Canadian Catholic historian Mark McGowan warns it would be bad scholarship to simply dismiss oral tradition. Oral history is real history and written records are often selective and incomplete.

“I suspect that there was an agreement between Membertou and the French, with the clergy playing a central role,” the University of St. Michael’s College professor wrote in an e-mail. “The important thing is that memory has preserved an agreement between the Mi’kmaq and the Catholic Church, forming the basis of an alliance with mutual responsibilities. Whether it was a concordat as the Vatican defines it may be in question, but the records are scant for the period.”

Since 1988, when St. Mary’s Cathedral Basilica in Halifax began celebrating a Treaty Day Mass every Oct. 1, the 1610 concordat has been central to how Mi’kmaq and non-Indigenous Catholics remember their shared history. Every year the archbishop celebrates the Mass, whose program is set by representatives of the Membertou First Nation. The Mass is attended by the Grand Chief and members of the Grand Council.Smudging, prayers and music are offered in the Mi’kmaq language.

The legal definition and function of concordats has shifted and evolved over the course of history, points out King’s College professor Robert Ventresca, an expert in the history of Vatican diplomacy.

“The concordat, or some version of it as an instrument of papal diplomacy, has been around for a long time, going as far back as the 11th century according to some scholars,” Ventresca said. “The modern concordat system dates to the 1800s, to the decades after the French Revolution. It was in the 20th century, and especially in the years just after the First World War, that the Vatican began to use concordats in an extensive and systematic way.”

These concordats weren’t always the most glorious chapters in Catholic history. Concordats with Mussolini’s Italy and Hitler’s Germany were political straight jackets for the Church, allowing it limited control over its own institutions in exchange for remaining silent on matters of state.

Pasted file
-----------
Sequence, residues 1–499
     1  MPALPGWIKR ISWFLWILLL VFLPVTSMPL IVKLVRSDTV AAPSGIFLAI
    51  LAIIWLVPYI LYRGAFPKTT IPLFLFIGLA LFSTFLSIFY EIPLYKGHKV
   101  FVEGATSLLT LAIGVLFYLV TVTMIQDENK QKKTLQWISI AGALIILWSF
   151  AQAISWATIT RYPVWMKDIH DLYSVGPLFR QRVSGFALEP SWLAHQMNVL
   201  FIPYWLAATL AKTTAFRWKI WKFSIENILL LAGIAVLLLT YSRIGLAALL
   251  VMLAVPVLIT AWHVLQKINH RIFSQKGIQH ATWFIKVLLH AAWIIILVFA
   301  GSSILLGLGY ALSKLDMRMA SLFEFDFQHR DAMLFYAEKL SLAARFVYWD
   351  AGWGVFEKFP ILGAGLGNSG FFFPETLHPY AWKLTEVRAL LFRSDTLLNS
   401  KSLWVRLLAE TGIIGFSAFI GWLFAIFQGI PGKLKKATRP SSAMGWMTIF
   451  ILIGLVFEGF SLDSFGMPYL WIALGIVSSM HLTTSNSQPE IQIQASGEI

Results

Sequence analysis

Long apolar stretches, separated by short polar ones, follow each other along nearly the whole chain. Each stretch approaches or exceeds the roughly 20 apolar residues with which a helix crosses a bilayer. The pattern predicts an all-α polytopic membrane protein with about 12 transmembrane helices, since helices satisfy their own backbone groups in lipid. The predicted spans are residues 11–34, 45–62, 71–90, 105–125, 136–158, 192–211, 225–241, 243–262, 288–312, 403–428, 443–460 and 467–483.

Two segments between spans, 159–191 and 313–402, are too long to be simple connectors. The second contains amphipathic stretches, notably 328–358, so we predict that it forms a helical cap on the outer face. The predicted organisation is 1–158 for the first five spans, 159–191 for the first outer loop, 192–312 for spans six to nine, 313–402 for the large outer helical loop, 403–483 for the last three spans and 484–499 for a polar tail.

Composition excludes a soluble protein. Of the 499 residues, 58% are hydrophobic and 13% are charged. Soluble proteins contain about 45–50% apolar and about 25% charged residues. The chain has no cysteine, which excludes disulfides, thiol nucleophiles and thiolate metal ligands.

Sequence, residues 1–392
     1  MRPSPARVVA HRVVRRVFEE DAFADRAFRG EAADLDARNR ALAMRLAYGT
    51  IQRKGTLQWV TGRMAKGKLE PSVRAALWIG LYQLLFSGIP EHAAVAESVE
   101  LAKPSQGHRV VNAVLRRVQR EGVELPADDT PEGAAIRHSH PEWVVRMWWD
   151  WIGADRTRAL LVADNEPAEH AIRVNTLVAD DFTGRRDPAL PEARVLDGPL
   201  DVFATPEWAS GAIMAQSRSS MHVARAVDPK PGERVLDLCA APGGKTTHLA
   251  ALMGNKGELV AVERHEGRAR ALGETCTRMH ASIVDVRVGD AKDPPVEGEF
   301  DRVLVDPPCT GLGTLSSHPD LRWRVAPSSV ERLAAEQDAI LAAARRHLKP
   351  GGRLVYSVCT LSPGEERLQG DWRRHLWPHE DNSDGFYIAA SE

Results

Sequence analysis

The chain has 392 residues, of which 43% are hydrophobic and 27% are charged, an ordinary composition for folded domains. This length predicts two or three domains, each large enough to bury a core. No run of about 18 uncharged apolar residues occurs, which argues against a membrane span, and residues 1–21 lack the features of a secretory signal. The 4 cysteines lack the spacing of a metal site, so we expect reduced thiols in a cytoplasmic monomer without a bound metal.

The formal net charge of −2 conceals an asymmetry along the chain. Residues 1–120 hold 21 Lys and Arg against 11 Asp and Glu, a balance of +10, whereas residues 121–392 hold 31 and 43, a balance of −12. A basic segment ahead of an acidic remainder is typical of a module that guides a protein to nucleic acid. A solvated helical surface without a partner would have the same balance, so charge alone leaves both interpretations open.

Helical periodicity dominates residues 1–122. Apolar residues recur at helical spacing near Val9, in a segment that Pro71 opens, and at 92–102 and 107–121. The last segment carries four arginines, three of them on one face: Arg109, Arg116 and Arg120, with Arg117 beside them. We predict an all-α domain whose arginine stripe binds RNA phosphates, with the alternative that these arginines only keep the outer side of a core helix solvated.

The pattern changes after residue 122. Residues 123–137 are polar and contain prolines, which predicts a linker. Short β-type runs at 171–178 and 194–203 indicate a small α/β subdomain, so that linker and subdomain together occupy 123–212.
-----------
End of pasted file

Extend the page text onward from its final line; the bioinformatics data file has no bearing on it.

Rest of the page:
But even in these circumstances, a concordat is more than a treaty or a legal contract.

“It’s more accurate to think of it as an agreement or a convention or even a covenant if you will,” said Ventresca. The biblical concept of covenant is certainly much closer to the Mi’kmaq understanding of the 1610 concordat, said Leblanc. The starting point for the concordat is the Mi’kmaq concept of Pjila’si, which might be translated as welcome but runs much deeper than that, he said.

“It’s the idea of sharing and providing welcome,” said Leblanc. “It’s more than, ‘nice to see you.’ It’s a hospitable welcome… a welcome to share in, not simply the resources in a commodification of resource kind of way, but to share in the resource, in the abundance of the land.”

The Mi’kmaq understanding of the 1610 concordat also encompasses much more than merely a political alliance between two nations, because it also includes the land. It’s an agreement based in and on creation.

“When Paul in Romans 8 talks about the creation groaning in travail, awaiting the revelation of the sons and daughters of God — or groaning in travail, awaiting its own redemption even as we also do, it moves away from an anthropocentric interpretation to something else,” said Leblanc.

To understand the 1610 concordat from the Mi’kmaq point of view requires us to understand that “one does not own the mother upon whose breast (the land, creation) one is nurtured. One is sustained by those resources, but one does not own those resources. One does not own the land upon which one walks, but one is expected to treat it with dignity, care and respect.”

A concordat of shared faith requires that we recognize these truths.

“The point is that there’s this continuity of faith tradition,” said Leblanc. “There’s an engagement with Catholic Christianity that continues to the present day.”